Riverkeep

author visits Concord

Thursday October 5, 2017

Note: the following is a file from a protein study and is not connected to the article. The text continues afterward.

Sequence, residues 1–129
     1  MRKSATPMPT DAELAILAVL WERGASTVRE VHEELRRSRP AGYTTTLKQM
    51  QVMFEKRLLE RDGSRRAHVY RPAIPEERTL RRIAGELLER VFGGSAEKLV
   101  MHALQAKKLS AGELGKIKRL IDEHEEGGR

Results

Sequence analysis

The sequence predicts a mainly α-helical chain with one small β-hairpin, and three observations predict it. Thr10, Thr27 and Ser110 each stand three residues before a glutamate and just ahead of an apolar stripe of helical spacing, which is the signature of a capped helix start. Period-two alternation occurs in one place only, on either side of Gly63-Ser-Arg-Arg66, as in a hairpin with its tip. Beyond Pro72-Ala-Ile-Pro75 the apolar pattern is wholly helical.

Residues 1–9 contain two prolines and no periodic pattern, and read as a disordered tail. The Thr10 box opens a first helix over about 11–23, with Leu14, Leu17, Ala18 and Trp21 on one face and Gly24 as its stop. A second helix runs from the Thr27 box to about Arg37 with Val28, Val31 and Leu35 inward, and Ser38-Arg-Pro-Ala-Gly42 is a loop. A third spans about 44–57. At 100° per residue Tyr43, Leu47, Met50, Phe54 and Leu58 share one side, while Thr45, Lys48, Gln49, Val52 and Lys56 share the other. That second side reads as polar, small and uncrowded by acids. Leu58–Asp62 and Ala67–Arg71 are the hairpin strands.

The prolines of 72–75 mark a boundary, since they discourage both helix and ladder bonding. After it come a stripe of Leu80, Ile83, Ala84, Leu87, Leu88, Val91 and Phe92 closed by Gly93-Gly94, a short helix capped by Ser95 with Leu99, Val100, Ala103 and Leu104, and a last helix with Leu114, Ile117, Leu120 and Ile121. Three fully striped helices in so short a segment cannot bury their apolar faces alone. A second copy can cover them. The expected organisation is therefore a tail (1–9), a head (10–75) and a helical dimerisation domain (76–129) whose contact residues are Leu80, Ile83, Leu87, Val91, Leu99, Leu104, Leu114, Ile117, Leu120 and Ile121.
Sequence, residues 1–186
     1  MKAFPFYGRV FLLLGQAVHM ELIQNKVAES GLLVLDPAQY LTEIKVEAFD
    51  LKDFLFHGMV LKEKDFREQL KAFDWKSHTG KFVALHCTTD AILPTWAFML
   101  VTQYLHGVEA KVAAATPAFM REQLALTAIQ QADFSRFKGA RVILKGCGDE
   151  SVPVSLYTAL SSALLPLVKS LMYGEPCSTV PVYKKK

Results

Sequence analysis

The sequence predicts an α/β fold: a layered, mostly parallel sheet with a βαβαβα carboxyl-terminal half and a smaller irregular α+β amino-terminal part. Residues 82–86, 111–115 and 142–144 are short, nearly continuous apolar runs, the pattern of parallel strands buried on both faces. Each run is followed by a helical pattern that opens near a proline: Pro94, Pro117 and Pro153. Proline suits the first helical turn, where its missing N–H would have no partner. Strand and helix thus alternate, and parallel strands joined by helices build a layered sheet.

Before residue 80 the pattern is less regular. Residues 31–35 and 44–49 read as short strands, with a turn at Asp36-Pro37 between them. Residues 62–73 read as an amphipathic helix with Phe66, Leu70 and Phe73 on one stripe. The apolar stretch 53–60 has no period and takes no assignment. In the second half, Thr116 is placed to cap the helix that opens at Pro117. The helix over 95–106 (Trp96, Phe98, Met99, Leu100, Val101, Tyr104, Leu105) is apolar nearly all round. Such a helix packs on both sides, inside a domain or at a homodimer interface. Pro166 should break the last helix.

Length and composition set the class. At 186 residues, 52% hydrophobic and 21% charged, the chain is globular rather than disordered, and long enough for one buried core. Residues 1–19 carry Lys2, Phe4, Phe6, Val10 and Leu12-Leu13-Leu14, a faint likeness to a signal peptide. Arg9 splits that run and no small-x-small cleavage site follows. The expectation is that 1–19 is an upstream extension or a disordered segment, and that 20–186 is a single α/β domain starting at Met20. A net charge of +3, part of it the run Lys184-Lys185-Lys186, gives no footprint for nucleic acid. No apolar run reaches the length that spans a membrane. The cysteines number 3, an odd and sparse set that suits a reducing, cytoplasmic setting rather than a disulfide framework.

An author has been talking to Form 3 and 4 students at Concord about a book it took him 12 years to have published. Ninety students were given a presentation by Martin Stewart, author of Riverkeep, which was published in April 2016 and shortlisted for the YA Book Prize and Branford Boase Award as well as longlisted for the Guardian Children’s Fiction Prize. Despite it taking 12 years to have the book published, he completed the writing of the 80,000 word book in just four months. He spoke to the students during workshop sessions about the pursuit of a long term ambition and the process of 12 years of developing his skills. “I received a very passionate reaction to the pursuit of ambition and working towards that with serious dedication,” said Martin, who has previously worked as an English teacher. He used his own manuscripts to illustrate the process of editing and developing writing skills and told students how ideas can come from a process of using images as inspiration for writing. “I think everyone has a book in them – it is like a personal ambition,” he said. Riverkeep is inspired by the rivermen of the Glasgow Humane Society and how a 14 year old boy accompanied his father, a Riverkeep, in a row boat on the River Clyde where they recovered a body. George Parsonage, now in his mid 70’s, took over from his father as a riverman on the Clyde, looking for people in trouble or recovering bodies. He subsequently rescued about 1,000 people and recovered about 1,500 bodies from the river in the row boat which is now in the Glasgow Transport Museum. Said Concord’s Head of English Phil Woods:  “Martin’s visit is part of our on-going ‘Big Read’ English Department and Library initiative to encourage our students to see the joy and importance of reading.”